Making Sacrifices to Love One Another
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Making Sacrifices to Love One Another

We are a people who love to celebrate birthdays, weddings, anniversaries, Baptisms, First Communions and Confirmations surrounded by family and friends.

Archbishop Listecki

Most Reverend Jerome E. Listecki
Archbishop of Milwaukee


We are a people who love to celebrate birthdays, weddings, anniversaries, Baptisms, First Communions and Confirmations surrounded by family and friends. However, this pandemic has robbed us of our ability to gather together to mark these occasions and express our love, appreciation and good wishes to our relatives and friends. Some of these moments will be postponed, and hopefully will be celebrated soon. Other celebrations are lost because the moment is too difficult to recapture.

In May, we turn our attention to our graduates, and although I am grateful to the number of creative ideas attempted through the use of yard signs, signs in the windows, web postings, technology and social media to offset this strange situation, it really isn’t the same. What is missing are the hugs and the kisses, the smiles and the tears, the sharing of memories and the pledges of keeping in touch, and the thank you’s to favorite teachers and administrative staff. Besides, what has been denied to most graduates is the closure that graduation brings to the ending of one aspect of a young man or woman’s life and the anticipatory beginning of a new moment.

On a normal Memorial Day celebration, I would have been invited to offer an invocation at a memorial or cemetery site dedicated to our soldiers and sailors who have sacrificed their lives in defense of the country. Bands would have played patriotic songs, an address would have been presented concerning the role of America in the pursuit of freedom, and a bugle would have played “Taps.”  It’s a reminder that our strength as a society depends upon our national will, demonstrating our resolve to do what is necessary to defeat any enemy that would endanger our democratic way of life.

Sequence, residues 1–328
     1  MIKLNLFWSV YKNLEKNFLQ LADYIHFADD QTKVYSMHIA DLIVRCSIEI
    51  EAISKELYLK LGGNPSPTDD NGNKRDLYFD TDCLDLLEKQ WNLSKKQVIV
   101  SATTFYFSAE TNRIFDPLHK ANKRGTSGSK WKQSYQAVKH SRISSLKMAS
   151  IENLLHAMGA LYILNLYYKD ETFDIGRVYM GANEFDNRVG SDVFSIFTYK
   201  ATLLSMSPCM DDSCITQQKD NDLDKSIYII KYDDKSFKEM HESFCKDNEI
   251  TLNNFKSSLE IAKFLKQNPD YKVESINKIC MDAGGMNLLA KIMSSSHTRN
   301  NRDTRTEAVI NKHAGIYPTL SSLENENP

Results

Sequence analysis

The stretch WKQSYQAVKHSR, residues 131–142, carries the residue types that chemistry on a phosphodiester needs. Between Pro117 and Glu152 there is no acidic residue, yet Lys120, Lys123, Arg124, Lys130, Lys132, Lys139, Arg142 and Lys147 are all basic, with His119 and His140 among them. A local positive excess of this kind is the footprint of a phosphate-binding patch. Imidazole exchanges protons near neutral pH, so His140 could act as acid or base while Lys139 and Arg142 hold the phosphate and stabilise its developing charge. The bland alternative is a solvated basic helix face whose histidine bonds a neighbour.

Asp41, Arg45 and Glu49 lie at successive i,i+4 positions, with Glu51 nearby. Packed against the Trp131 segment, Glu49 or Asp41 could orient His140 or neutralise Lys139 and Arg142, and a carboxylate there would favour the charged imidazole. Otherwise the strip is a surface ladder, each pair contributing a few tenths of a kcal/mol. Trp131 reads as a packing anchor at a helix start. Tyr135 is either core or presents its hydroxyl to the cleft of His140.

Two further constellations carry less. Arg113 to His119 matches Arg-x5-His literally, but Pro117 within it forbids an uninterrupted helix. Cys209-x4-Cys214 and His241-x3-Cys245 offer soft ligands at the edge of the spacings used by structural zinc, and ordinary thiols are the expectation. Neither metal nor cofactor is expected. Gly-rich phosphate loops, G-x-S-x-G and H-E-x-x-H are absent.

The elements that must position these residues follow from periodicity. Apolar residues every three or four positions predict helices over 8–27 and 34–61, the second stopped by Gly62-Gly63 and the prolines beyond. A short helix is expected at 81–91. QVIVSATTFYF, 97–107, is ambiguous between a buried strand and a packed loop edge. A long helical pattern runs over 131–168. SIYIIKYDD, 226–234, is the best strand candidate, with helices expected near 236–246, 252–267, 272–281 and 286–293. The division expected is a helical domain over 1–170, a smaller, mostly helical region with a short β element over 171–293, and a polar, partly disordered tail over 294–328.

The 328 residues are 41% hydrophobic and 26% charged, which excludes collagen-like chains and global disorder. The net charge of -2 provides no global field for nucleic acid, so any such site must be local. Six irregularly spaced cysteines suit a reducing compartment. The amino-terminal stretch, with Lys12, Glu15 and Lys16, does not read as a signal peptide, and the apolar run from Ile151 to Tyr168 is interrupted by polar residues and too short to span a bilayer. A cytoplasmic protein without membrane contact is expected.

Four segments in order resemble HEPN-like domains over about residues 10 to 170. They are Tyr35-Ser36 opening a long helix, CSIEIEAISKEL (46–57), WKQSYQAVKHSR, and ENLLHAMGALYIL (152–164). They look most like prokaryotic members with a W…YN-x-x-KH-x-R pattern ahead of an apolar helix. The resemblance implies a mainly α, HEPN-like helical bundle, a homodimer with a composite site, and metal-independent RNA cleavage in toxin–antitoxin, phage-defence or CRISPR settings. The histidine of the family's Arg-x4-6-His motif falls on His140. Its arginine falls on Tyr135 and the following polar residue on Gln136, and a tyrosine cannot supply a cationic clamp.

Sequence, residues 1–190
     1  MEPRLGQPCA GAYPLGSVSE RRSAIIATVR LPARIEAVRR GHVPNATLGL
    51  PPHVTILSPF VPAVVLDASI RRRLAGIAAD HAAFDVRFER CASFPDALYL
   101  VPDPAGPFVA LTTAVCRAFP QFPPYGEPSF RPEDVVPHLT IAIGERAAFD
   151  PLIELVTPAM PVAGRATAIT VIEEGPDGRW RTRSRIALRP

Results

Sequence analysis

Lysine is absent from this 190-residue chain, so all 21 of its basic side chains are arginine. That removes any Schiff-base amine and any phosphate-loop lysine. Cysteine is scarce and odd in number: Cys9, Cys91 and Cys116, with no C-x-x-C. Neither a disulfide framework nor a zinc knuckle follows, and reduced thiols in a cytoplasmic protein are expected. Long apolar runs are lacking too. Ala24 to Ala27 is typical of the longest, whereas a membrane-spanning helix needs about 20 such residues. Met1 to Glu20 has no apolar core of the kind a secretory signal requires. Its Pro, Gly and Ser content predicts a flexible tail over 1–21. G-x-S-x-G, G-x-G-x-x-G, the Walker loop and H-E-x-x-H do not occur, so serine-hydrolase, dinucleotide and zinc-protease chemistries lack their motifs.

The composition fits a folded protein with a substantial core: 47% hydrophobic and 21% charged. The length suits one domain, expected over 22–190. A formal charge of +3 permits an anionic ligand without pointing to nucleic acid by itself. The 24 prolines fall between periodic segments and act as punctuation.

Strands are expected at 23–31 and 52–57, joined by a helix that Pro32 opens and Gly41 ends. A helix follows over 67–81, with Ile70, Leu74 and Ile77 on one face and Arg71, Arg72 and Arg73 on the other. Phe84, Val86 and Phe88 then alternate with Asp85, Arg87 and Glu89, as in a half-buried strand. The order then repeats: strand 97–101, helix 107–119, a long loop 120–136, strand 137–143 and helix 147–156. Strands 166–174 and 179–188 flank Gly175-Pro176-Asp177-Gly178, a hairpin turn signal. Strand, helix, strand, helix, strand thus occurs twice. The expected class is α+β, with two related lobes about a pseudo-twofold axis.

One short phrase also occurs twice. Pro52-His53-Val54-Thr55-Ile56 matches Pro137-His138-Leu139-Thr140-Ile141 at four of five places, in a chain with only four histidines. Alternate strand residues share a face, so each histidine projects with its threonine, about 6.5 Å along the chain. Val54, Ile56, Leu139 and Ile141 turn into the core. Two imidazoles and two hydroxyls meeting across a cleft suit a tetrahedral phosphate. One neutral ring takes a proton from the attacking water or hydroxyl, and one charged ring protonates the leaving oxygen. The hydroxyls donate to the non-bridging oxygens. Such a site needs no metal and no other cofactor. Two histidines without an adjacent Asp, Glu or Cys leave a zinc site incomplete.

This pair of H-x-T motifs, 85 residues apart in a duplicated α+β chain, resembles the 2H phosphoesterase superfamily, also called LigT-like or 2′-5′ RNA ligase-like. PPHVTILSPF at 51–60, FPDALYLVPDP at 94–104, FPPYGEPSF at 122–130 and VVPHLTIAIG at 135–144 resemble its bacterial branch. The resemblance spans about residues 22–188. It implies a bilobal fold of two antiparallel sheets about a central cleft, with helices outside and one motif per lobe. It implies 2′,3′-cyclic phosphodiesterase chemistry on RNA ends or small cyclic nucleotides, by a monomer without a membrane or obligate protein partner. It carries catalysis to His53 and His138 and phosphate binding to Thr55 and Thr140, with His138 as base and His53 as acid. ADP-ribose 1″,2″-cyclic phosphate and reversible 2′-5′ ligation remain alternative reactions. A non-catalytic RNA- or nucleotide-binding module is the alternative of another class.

When I became a chaplain in the United States Army Reserve (USAR), I was already familiar with the military. My family had all served: father in the Marines, uncles and cousins in the Army, Marines and Navy. This was the family contribution to World War II and Vietnam. Their motivations for joining would all have been different, but they were collectively proud to represent the country, and I know they would have, if necessary, died fulfilling their responsibility to defend the interests of the nation and our way of life.

As a chaplain, I often questioned my personal resolve to serve amid conflict. I knew of the resolve of my family and friends in other conflicts, but have I and others of later generations grown “soft” in our understanding of what it takes to maintain the freedoms that our citizenship enjoyed? That answer was resolved when I was activated for Desert Storm I.

I prepared for deployment, was trained for going into a Middle East country, and was issued desert camouflage. Life Magazine sent a reporter to follow me the last weekend before I was to leave. My unit (244th Aviation) had not been activated, but I was because of the great need for Catholic chaplains. The day I was scheduled to leave, the land war started, and I was frozen in place. The war had ended so quickly that I was deactivated, and my desert uniform remained in my closet. However, I did know that I was ready and would have done what was necessary to serve our country during this time of conflict. I also knew that the young soldiers who I was privileged to serve with had that same resolve to defend our country with their lives, if necessary.

In some sense, it feels like we are presently in the midst of a conflict, a type of war not of our making, but one which definitely takes lives and demands sacrifice from us. So, as we put aside our celebrations for the time being and follow restrictions and guidelines, we do so to demonstrate our resolve to defend and protect our freedoms in solidarity with the men and women who have defended this country that we love. May all sacrifices that we make fulfill our commitment to LOVE ONE ANOTHER.



Note: This blog originally appeared as the May 26, 2020, "Love One Another" email sent to Catholics throughout the Archdiocese of Milwaukee by Archbishop Jerome E. Listecki. If you are interested in signing up for these email messages, please click here.

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